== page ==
BY SARAH R. GREGORY
The historic Dickson-Williams Mansion will soon have a somewhat new look following action by the Greeneville Historic Zoning Commission Tuesday.
Commissioners voted unanimously to issue a Certificate of Appropriateness to the Dickson-Williams Historical Association to replace the 20-year-old cedar shake shingle roof of the mansion with a standing-seam metal roof.
Beverly Williams, representing the Dickson-Williams Historical Association, told the board that the current roof is leaking badly.
Williams provided a sample of metal roof panel that showed the color selected for the new roof -- antique bronze.
Historic Zoning Commission Chairman Sarah Webster, who also serves as president of the Dickson-Williams Historical Association, said the group had conducted quite a bit of research prior to selecting the type of roof that should be fitted on the historic home.
Webster said the group met with the chairman of Jonesborough's historic district to discuss the project.
"They are allowing roofs of this type in Jonesborough," Webster said.
"More than likely, the roof was probably a shake-shingle roof to start with," she said, "but the era that we are trying to re-do is 1860 to 1870."
Even if the home did have a shake-shingle roof when it was originally constructed, Webster said, "it would have had to have been replaced by 1850."
What that replacement roof was, however, has been up for debate, Webster added.
"From day one we've been in debate about whether it had a metal roof," she said.
The existing cedar-shake shingles, Webster added, have performed better than expected, but have in recent years "developed a very bad leak."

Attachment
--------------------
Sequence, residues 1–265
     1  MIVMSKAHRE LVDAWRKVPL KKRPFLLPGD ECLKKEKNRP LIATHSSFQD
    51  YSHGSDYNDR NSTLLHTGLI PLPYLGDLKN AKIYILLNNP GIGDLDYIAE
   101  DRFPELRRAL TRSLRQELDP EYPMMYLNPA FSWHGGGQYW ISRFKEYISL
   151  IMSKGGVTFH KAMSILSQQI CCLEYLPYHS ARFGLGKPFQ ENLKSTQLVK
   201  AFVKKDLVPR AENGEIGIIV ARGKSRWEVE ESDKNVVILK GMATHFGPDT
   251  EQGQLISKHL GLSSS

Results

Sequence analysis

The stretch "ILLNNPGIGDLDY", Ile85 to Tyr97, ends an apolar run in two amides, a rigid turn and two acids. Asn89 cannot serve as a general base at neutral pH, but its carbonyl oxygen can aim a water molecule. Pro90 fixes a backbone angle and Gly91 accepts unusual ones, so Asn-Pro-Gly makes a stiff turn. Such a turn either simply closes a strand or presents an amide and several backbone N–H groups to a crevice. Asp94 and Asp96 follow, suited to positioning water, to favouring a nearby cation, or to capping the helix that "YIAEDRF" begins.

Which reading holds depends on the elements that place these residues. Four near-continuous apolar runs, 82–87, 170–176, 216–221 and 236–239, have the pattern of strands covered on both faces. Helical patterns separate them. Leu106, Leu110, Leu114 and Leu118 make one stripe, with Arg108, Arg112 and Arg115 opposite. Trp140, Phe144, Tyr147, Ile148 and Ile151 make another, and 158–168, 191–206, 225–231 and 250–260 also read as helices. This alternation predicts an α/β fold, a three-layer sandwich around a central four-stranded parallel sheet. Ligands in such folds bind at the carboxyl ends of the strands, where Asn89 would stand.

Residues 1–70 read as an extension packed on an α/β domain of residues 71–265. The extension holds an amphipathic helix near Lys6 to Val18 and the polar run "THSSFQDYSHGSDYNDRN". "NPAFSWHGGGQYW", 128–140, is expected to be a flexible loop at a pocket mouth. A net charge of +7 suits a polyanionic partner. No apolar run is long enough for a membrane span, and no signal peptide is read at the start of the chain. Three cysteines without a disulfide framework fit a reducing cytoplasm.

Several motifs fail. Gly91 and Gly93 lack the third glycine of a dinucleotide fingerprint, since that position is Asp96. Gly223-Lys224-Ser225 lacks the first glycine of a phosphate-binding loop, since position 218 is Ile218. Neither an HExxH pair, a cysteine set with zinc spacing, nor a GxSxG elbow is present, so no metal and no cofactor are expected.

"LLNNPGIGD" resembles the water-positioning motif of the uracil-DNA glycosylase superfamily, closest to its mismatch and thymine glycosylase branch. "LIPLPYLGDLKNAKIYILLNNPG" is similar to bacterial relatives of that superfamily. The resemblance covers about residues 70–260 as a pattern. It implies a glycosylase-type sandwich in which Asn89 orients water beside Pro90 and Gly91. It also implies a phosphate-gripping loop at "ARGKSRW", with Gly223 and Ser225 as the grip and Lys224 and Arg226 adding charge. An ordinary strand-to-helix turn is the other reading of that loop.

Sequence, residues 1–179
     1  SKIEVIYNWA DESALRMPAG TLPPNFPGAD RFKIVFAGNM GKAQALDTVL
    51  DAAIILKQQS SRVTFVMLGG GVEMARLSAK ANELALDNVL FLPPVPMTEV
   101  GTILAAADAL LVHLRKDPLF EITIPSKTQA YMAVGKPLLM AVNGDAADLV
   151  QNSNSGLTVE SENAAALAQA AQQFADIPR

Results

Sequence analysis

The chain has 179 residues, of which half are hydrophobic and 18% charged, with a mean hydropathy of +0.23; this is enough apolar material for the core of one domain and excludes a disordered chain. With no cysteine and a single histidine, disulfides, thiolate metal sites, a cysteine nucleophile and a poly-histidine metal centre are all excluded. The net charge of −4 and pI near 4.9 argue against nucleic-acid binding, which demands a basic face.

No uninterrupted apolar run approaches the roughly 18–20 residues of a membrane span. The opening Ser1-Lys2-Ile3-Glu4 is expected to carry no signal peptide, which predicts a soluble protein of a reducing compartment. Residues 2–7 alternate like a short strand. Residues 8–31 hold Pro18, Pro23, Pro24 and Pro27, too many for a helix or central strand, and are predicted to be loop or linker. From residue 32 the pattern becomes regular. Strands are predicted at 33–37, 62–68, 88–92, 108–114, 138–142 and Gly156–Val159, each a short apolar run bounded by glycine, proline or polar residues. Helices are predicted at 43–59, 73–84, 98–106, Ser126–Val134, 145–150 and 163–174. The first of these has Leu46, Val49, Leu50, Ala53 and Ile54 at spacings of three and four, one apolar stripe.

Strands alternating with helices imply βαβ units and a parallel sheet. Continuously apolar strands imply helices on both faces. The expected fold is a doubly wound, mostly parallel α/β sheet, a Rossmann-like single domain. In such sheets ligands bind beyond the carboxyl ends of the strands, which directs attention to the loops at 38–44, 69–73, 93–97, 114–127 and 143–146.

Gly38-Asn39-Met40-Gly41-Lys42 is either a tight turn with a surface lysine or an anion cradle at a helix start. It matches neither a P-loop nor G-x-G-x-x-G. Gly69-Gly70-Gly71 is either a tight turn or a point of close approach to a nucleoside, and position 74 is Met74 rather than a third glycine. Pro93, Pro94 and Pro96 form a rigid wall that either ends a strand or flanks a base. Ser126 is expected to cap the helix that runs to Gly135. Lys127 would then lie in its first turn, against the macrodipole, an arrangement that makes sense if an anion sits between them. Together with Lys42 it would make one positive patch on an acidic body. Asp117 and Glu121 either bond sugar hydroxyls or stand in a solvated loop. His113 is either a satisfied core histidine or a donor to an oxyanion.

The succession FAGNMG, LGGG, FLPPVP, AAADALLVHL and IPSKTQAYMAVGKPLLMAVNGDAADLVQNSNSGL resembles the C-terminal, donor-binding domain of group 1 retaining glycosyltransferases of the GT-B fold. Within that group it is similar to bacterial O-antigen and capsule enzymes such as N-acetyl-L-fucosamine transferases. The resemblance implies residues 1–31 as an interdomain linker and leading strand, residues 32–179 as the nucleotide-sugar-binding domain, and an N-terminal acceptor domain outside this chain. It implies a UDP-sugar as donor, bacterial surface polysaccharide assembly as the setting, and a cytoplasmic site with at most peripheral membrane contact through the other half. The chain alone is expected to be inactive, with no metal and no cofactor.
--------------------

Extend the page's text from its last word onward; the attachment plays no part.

"We have to redo the roof," she said.
Webster said the Dickson-Williams Historical Association hopes to redo the roof on the main building now, and replace the roof on the kitchen wing in the future, perhaps next year.
Lower roofs, such as those over an entry way, are currently painted a red color and will be repainted to match the antique-bronze color of the new roof, Webster said.
Commissioner Roger Hankins said he supported the project.
"This is a major change to the appearance of the structure, but I really agree that it should've been a metal roof from the beginning considering the time period we're restoring it to," Hankins said.
The board voted unanimously with very little discussion to approve the request and grant a Certificate of Appropriateness for the project.
Commissioners also voted unanimously to issue a Certificate of Appropriateness for roof replacement at 612 W. Main St., the home of Charles and Debbie Snapp, and tabled a request for a sign replacement at the offices of The Greeneville Sun, at 121 W. Summer St.
The Snapp request is to replace their home's current shingles with architectural shingles in a grey-green color that will "more closely resemble" original tin shingles on the home.
Debbie Snapp said that a number of other structures in the Historic District -- such as Greeneville Orthopaedic Clinic and the T. Elmer Cox Genealogical Library -- currently use the same type of shingle.
Webster commended the Snapps for conducting that research, noting that, in many cases, the board does not have enough details about proposed projects to make a determination for a Certificate of Appropriateness.
A request to replace the sign outside the offices of The Greeneville Sun was tabled by the commission because the commission had not received enough information about the proposal.
Commissioners reviewed a rendering of the proposed sign, which would utilize the existing brick frame.
However, the board was not informed about what material the sign company proposed to use.
Commissioner Melinda Hickerson suggested that a representative of the company attend a future meeting to inform the board about what material would be used and to answer any questions.